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Strawberry Root Weevil: July's Accidental Invader
This article was published originally on 7/11/2007
The strawberry root weevil is a very common insect found throughout Iowa. The shiny black, hard-shelled adult weevils are about one-third inch long. They have a pear- or light bulb-shaped body and long elbowed antennae. The wing covers are marked by many rows of small pits.
Strawberry root weevils emerge from the soil in mid-summer (July) after spending the past 11 months in the soil as larvae feeding on the roots of strawberry plants, evergreen trees and other plants. Root feeding by larvae is generally not significant as is the foliage feeding done by the adults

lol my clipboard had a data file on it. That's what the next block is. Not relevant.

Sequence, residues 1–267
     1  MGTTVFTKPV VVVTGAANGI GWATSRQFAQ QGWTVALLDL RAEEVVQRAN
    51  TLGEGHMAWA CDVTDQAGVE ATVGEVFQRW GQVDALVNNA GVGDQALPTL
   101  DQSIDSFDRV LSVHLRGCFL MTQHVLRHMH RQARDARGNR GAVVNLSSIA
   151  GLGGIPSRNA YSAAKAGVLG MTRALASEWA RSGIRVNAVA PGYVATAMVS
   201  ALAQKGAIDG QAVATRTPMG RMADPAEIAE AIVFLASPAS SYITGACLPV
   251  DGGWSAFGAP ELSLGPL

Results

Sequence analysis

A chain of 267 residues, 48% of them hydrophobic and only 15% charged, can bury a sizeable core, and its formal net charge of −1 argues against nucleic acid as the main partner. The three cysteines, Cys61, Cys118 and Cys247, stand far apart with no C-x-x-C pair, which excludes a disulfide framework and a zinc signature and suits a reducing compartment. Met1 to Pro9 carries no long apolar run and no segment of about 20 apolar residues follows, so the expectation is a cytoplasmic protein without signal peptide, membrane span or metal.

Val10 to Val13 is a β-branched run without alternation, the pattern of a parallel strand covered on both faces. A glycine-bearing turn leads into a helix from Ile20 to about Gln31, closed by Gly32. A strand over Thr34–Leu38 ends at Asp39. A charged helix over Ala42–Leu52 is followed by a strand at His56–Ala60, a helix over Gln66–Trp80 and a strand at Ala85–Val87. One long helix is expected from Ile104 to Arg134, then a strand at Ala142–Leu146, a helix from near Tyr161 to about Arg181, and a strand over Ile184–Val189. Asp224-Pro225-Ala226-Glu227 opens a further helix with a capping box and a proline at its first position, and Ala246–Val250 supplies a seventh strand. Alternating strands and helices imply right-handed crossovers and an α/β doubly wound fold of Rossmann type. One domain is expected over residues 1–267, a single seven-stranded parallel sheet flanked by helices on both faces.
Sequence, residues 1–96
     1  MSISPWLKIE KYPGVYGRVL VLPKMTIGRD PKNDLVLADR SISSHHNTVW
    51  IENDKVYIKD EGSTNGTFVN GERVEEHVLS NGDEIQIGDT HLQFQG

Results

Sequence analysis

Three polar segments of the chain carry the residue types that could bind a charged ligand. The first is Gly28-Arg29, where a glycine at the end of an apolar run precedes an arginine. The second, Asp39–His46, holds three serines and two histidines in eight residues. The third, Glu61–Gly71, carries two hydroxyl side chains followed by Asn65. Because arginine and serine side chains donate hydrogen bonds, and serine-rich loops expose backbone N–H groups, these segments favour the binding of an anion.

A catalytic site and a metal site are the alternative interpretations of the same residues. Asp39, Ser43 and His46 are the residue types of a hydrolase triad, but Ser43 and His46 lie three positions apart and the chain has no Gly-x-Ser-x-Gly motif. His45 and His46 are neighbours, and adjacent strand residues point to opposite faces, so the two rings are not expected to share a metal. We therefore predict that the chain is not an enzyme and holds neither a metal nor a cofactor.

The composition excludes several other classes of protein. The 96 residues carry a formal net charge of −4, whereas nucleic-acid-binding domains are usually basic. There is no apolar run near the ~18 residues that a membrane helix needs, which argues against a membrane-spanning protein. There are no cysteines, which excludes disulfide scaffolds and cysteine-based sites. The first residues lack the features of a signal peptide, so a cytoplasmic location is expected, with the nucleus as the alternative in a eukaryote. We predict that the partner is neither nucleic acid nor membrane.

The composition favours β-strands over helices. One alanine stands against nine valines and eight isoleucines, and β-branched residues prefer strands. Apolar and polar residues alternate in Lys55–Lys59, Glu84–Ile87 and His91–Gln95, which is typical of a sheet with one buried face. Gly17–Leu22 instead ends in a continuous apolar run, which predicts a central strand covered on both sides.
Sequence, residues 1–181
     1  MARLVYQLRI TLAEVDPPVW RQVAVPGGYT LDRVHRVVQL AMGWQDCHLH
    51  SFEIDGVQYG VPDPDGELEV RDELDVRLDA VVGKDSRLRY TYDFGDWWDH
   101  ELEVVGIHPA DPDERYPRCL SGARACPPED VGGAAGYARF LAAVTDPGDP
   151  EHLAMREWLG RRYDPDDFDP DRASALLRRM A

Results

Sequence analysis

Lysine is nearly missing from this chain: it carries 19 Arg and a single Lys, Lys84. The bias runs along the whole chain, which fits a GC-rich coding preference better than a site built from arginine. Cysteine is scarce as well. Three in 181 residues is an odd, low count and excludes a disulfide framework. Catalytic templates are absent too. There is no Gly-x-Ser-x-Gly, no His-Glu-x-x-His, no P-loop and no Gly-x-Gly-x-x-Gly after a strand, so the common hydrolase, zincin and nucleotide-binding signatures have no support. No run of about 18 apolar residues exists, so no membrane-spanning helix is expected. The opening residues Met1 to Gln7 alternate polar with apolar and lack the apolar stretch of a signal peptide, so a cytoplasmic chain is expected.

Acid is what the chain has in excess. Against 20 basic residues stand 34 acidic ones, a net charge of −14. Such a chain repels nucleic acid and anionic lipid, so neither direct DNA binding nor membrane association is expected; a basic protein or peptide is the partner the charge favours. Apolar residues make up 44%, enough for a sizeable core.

Strawberry root weevils would go unnoticed except that large numbers regularly wander into houses by mistake as accidental invaders. They do not damage the house, the furnishings or occupants. They do not bite, sting or carry diseases to people or pets. They are a nuisance only by their presence.
Combating strawberry root weevils in the house can be difficult and frustrating. Prevent entry by sealing cracks and gaps in the foundation and around windows and doors through which the adults can crawl into the building. Spraying permethrin, cyhalothrin, cypermethrin or other residual landscape insecticide on and along the foundation and in outdoor areas of weevil abundance may reduce the number of weevils outside and thereby reduce the number wandering in. Unfortunately, spraying of large areas (10-foot perimeters up to the entire lawn) and frequent reapplication may be required.
Year of Publication:
IC-497(17) -- July 11, 2007